The exhibition « A Good City Has Industry » (up to the 15th of January in the Ravenstein Galery), further to its role of optimizing Bruxels resources and wealth, has gave a new thought, in watermarks, to our relationship with the economy. Too often judged and wrongfully labelled as dirty, polluting, or intelectually poor, the industry is nevertheless the field of the future provide it is used well.
Taking roots in this assumption, the exhibition, which commissionner is Architecture Workroom Brussels (hereunder named AWB), gives us the key to understand this buried treasure. Joachim Declerck, founder and partner of AWB, explains us that : « For years, we have wanted to put the industries outside the city. We should however be proud of those industries as they are the starting points of our economy. In this exhibition, we see this idea of an organic city, where industry, for Brussels, is an inherent part of its structure. And above all, we suggest very practical solutions in order to accelerate growth in this sector. ».
And that is what we like at Cafébabel as, far from making simple statements, the exhibition suggests "10 clues to build a productive city", a practical, real, and strong approach which we can only approve. For example, the creation of hybrid spaces, where living spaces are intertwined with productive spaces in order to promote the industry by gaining space at the same time.
Origin : Made in Brussels
It is not only an architectural question, but all our relationship to economy that should be re-thought through this urbanism issue. For J. Declerk, the reflexion hence goes even more beyond " Our work is also an educational one, we would like to raise citizens' awareness on tomorrow's world, to prepare the post-Made in China era to progressively come back to a circular economy. By giving a better visibility to existing industries of the city, consumers might be able to realize the necessity of those and be proud of them. In the end, we are entering a logic of re-implantation which favours a local economy to achieve a reliable and sustainable model".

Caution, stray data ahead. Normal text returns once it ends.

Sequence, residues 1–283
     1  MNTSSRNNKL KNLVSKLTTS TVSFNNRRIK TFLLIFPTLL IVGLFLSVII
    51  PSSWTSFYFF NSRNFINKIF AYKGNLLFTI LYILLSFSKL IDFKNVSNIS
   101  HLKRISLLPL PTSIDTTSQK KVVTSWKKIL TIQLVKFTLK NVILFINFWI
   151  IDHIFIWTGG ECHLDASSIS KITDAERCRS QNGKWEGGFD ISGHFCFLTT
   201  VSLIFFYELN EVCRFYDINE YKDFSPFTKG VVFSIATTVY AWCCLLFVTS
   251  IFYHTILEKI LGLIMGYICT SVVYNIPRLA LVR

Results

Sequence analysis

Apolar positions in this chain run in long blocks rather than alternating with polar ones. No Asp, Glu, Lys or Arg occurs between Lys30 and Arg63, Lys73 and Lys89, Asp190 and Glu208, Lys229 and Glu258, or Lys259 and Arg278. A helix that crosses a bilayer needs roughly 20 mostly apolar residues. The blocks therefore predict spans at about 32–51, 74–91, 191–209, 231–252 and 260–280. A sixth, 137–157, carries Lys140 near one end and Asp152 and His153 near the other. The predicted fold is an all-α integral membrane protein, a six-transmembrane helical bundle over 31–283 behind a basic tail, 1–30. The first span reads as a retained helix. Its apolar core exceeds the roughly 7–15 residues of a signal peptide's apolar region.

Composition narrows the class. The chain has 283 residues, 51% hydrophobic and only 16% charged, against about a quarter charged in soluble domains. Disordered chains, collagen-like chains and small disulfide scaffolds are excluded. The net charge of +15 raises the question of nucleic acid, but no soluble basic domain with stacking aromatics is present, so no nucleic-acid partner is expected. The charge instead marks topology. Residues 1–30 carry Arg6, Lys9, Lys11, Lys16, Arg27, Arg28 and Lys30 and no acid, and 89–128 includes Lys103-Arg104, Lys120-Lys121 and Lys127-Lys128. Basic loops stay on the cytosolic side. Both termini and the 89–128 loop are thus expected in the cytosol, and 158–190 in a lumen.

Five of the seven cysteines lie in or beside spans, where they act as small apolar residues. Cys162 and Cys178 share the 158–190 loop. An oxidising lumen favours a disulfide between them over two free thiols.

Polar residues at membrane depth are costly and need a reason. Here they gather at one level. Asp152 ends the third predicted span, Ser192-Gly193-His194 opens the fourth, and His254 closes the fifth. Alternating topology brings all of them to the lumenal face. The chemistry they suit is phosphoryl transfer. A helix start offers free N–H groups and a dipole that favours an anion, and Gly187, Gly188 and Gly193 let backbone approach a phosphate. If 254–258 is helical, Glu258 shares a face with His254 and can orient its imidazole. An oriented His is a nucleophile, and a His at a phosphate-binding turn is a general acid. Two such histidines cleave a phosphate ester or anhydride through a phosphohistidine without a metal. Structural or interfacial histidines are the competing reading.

Brussels has already began this work, particularly by suggesting a Canal Plan, which aims at studying and thinking about a strategy to develop the zone around the canal. We are not starting from scratch, when we see for example the slaughterhouses of Anderlecht or the Velofabrik workshop in Brussels. But the hardest part remains to be done, and it lies with us, citizens, to convert that potential. Let us not be ashamed of our industries. Let us not be ashamed of those who contribue to it and let us acknowledge that a working blue is worth as much as a white collar.